When an earthquake strikes a city a multitude of structures fail.
Buildings collapse, the infrastructure is hit, people require access to water shelter and food.
To address these immediate survival needs, there is usually a very swift and effective response.
However the indeterminate timescale for long term reconstruction has a profoundly damaging effect
as social fabric and structures start fading and failing. In l’Aquila, following the 2009 earthquake, the
intervention of the government has exacerbated this social disintegration by excluding the citizens
from the city for an indeterminate period. Consequently people are pushed out of the city center
into the peripheries. The day to day interaction and exchanges which characterise space and urban
uses in the city are quickly lost.
The exclusion policy has resulted in an incomplete plan on how to address the issues of their city,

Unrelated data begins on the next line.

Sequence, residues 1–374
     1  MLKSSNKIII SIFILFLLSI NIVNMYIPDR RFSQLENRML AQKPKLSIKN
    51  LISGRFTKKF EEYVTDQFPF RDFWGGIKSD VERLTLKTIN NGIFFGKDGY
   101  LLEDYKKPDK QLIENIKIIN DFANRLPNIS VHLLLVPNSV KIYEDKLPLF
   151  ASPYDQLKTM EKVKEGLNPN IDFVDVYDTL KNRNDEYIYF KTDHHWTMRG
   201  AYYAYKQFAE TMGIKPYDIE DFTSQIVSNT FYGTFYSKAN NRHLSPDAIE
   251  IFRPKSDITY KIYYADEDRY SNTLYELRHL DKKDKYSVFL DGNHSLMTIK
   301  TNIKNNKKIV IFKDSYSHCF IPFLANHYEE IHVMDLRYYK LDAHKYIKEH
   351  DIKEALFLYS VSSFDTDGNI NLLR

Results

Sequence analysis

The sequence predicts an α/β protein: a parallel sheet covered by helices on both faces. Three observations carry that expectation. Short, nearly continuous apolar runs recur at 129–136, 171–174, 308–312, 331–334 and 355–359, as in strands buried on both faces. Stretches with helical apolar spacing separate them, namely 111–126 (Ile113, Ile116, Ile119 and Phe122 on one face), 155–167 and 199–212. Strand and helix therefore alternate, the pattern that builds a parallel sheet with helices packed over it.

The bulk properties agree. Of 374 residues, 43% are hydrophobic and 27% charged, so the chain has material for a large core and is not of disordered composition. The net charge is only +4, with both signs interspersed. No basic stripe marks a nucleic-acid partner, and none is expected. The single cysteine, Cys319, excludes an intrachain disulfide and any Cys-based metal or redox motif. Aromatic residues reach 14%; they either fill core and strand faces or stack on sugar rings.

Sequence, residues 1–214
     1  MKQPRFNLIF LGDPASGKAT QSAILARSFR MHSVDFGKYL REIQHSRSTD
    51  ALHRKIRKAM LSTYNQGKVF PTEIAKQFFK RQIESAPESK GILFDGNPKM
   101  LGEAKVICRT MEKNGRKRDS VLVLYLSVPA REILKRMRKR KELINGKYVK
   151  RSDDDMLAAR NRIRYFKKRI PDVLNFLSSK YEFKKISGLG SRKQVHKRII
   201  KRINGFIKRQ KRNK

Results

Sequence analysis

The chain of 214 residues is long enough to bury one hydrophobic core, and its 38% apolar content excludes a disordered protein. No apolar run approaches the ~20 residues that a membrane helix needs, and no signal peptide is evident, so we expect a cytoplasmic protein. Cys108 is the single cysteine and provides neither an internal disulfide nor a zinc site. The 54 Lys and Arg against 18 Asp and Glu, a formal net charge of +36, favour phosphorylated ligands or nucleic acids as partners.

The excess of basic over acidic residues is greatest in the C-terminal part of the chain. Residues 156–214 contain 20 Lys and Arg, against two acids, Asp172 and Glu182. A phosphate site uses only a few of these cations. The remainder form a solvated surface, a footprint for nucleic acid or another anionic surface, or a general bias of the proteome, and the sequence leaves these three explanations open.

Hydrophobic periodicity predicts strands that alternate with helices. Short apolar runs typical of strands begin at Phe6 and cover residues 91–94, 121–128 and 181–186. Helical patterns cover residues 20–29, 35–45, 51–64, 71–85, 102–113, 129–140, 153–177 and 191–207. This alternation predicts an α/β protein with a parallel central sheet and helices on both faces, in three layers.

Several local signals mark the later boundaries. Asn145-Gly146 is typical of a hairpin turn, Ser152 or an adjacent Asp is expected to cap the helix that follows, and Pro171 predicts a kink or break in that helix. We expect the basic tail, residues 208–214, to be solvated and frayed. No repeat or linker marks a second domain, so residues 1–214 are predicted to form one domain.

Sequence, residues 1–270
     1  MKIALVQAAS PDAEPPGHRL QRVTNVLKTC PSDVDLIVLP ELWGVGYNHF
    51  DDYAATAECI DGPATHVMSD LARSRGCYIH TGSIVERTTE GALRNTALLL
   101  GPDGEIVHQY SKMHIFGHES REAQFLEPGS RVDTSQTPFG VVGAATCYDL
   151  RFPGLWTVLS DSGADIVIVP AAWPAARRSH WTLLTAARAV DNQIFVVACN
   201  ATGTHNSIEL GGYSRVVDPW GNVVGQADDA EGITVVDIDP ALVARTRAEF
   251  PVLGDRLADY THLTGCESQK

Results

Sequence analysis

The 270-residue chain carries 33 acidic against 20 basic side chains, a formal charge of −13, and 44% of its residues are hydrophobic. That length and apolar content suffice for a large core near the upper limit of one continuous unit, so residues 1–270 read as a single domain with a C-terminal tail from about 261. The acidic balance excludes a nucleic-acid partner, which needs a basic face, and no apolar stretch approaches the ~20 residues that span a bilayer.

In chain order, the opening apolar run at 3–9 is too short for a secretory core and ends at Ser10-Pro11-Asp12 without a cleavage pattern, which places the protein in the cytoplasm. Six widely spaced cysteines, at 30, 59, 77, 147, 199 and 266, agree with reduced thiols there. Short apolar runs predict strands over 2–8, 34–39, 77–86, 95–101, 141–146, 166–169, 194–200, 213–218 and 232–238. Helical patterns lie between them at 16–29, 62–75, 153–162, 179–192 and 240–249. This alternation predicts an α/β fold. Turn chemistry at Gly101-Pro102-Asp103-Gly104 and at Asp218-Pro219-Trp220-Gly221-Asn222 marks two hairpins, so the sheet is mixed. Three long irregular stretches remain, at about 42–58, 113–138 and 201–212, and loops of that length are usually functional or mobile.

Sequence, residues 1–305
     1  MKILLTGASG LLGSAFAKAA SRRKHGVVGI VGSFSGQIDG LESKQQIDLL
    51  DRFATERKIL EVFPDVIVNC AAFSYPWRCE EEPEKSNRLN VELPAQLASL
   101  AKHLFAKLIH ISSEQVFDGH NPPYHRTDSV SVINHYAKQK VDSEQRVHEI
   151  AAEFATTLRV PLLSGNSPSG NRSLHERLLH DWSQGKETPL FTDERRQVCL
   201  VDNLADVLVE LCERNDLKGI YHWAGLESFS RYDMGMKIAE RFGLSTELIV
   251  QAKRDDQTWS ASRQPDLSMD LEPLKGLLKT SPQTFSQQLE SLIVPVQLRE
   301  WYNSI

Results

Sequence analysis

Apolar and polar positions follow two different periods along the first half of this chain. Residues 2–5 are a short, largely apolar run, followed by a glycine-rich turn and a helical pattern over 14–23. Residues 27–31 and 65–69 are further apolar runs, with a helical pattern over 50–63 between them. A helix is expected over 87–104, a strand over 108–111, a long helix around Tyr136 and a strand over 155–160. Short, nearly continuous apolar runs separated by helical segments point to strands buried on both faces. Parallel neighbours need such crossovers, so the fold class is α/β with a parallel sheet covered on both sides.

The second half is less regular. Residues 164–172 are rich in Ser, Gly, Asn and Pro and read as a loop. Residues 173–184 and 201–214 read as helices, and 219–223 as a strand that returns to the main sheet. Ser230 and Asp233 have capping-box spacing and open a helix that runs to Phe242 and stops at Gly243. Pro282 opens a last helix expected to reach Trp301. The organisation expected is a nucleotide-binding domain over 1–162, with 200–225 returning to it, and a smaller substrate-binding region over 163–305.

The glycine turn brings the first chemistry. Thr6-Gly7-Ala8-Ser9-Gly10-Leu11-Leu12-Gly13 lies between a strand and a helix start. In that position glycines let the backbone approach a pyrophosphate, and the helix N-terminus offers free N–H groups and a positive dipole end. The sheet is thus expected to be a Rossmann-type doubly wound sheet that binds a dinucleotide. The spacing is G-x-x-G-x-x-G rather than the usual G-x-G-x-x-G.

where to invest and how to take action.
This project posits a speculative system devised to react at quicker pace to long term reconstruction
by setting a system in which knowledge is passed on from professionals to inhabitant. A system
which requires the cooperation and collaboration of the local population.
A series of pavilions will be built inside the destroyed city; studios, workshops and galleries which
will be built and populated by the people of l’Aquila using the existing worker's guild organisations
as a committee to implement the strategy.
As they are completed, these pavilions will be lifted into the collapsed voids providing spaces in
which people can exchange, interact, debate, and be the source of a common memory that will
remain after the reconstruction process.
To achieve this, three dimensional scanning technology is ustilised to translate the destruction into
a digital template . This information permits a precise and diagnostic approach to securing and
refitting the buildings of l’Aquila. Digital imprints of the faults and damage, by borrowing techniques
from medicine and dentristry speculate on community building a precise fit between what is
existing and the inserted pavilions.